“You have often heard me speak of an oracle or sign which comes to me, and is the divinity which Meletus ridicules in the indictment. This sign I have had ever since I was a child. The sign is a voice which comes to me and always forbids me to do something which I am going to do, but never commands me to do anything, and this is what stands in the way of my being a politician.”
— Socrates, Plato’s Apology
Socrates and His Daimonion.
15th February 399 BC - The Athenians put Socrates on trial for trumped-up charges of corrupting the youth and worshipping false gods and he is found guilty and sentenced to death. Part of the reason for the charge was Socrates Daimonion, a voice which spoke to him and told him what not to do. The word Daimonion is notoriously tricky to translate, but Cicero refers to it as divinum aliquid — a ‘divine something.’ For later thinkers, like Plutarch, the Daimonion became a Daimon, a personal spirit, which Plutarch related to Conscience.
Socrates’ friends urged him to run away when he was put on trial, one even went so far as to bribe the guards, but when Socrates consulted his Daimon on the issue, the voice said ‘no.’ Socrates faced a moral dilemma: Listen to the Daimon and die? Or ignore the Daimon and live? Socrates concluded that the Daimon had only ever told him good things in his life so therefore, death must not be a bad thing. He drank the poison and died, and the rest is history (literally).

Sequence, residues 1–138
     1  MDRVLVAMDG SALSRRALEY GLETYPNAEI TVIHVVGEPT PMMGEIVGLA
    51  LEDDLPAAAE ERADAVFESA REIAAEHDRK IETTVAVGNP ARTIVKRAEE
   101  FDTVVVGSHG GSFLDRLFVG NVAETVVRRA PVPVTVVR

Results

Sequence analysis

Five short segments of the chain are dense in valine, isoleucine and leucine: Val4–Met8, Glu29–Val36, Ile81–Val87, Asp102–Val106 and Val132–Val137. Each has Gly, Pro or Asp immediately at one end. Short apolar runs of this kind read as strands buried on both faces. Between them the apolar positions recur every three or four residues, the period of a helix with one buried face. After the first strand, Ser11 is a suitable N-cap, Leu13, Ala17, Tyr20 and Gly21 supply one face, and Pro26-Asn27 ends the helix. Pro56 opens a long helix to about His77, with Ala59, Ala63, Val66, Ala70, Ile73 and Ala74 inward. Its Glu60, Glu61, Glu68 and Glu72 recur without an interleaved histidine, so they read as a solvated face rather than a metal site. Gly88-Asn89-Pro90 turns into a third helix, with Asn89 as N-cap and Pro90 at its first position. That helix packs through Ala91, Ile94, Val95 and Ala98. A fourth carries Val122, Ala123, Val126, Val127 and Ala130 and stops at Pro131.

The Voice of Conscience.
For the past three weeks, I’ve discussed personal development on the podcast and the thought occurred that our behaviour is controlled and regulated consciously by the voices in our mind, what Sigmund Freud would call the Super-ego. Of course, we ask other people and confer, but when we make decisions and think something over, this process occurs in the mind as a conversation. The question is, a conversation with who?
Conscience As The Voice of Character.
“Ethos Anthropos Daimon” (Character is fate or character is to a man, his Daimon) - Heraclitus
My problems with my Conscience started with issues with authority as a teenager. Until my late teens and early twenties, I had no real relationship with my Conscience. I didn’t do some things because I felt it was a bad thing to do, but rather in a calculating sort of way, because my parents or teachers would be mad at me, and that would suck.
An actual quote from my writing aged 20, ‘authority is the true enemy of all mankind.’ My parents, teachers, the Gards, the government, and anybody in a position of authority, in my opinion, were illegitimate. As Millennials, in general, we have issues with authority because, of course, once bitten, twice shy. We have seen institutions crumbling around us and felt the anger and cynicism of children who have been let down.
My anti-authoritarian philosophy allowed me to reject my own inner authority (Conscience) and to behaviour in any impulsive-pleasure-seeking way that I wanted. This is because when you reject authority outside, you also reject authority inside. My Anti-authoritarian fun was short-lived and I ended up stuck following the group, with no discipline, goals, boundaries of my own, only tons of negative emotion, confusion, existential crisis, inner chaos, impulsive-pleasure seeking, bad poetry, bad relationships, and overall, hell.